Abraham was born into this world as we are all born, in a state of sin, the outcome of which is death. But God gave Abraham this testimony, and Abraham surrendered himself to and submitted his will and his heart in believing it. The instant he did that thing, God, by and act of sovereign mercy and grace lifted Abraham out of the state of sin in which he was born and placed him before Him in a state of righteousness for ever more.

It was not as yet a question of Abraham’s character. God could and did take care of that later on, but it was a question of Abraham’s legal standing before God as a righteous man.

Paul now goes on to say in the close of chapter four that “it was not written for his (Abraham’s) sake alone, that it was imputed to him:

“But for us also, to whom it shall be imputed, if we believe on him that raised up Jesus our Lord from the dead;

“Who was delivered for our offenses and was raised again for our justification.”

That is to say, you are a sinner and out of fellowship with God. Eternal death is staring you in the face. But God in grace, comes to you and says, “I have put your sin, the whole of it, past, present, to come, upon the person of my only begotten and well beloved Son. He died for you, and He has risen again in testimony that I have accepted him as your atonement. Believest thou this?”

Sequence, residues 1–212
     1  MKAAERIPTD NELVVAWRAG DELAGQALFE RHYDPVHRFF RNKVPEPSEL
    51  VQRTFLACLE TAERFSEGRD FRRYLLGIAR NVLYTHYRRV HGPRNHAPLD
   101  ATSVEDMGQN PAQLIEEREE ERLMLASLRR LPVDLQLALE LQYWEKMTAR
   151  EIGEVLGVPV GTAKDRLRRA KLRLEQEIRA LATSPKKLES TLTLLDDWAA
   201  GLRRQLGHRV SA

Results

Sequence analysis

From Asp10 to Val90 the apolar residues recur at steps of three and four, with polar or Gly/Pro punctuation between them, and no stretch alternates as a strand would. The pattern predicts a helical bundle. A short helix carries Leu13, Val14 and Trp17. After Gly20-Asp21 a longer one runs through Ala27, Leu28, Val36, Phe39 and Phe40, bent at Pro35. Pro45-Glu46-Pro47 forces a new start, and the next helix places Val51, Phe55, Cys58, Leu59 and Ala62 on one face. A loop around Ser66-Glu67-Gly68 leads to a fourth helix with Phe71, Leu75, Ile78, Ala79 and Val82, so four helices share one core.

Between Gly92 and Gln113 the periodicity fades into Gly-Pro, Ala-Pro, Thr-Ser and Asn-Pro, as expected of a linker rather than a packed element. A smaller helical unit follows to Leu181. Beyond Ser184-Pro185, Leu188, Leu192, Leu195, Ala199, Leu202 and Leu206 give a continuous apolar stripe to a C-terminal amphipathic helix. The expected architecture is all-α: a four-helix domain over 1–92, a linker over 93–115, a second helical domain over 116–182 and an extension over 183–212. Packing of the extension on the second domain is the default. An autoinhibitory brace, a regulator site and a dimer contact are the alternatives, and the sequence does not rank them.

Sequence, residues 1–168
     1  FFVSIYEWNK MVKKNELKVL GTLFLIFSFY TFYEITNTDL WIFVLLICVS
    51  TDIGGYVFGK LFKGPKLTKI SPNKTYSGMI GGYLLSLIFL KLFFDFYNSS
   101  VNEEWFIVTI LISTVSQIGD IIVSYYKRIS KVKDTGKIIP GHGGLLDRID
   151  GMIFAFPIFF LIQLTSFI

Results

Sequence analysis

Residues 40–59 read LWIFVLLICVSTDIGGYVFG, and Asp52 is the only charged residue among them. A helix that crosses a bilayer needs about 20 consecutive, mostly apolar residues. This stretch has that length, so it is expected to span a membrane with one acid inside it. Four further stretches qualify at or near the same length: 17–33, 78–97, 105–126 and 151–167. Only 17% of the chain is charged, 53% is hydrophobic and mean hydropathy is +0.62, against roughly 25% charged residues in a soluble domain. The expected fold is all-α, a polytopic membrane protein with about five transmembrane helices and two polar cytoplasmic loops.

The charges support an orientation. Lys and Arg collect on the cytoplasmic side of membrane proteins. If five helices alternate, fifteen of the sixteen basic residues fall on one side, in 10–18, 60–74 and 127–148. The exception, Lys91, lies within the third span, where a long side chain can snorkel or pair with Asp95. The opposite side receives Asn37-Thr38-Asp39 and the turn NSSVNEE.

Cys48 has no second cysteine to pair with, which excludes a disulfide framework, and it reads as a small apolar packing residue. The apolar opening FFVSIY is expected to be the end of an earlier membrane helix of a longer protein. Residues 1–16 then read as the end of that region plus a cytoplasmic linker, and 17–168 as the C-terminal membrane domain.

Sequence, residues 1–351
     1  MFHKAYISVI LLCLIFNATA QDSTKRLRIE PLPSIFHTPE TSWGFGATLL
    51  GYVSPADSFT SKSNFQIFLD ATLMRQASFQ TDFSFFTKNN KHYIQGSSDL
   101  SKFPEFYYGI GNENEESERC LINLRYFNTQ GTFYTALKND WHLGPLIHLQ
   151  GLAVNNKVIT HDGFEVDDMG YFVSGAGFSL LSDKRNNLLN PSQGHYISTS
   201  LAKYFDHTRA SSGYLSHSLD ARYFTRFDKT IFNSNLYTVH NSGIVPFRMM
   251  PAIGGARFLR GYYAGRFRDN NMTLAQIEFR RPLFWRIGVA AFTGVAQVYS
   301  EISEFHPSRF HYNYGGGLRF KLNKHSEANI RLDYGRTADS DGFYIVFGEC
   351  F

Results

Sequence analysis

Do you say to Him as you sit there in silence of your heart, “My God, I do believe! I cannot understand it, but I take Thee at Thy word. I now receive Thy Son as my Saviour and by Thy grace I will henceforth own him as my Lord!”

I could talk to you for an hour but could not put the Gospel before you any plainer. Settle it now. Here as we sit in the presence of the memorial supper of our Lord, settle it, that henceforth you will be counted among that blessed number who have a right to gather around His table.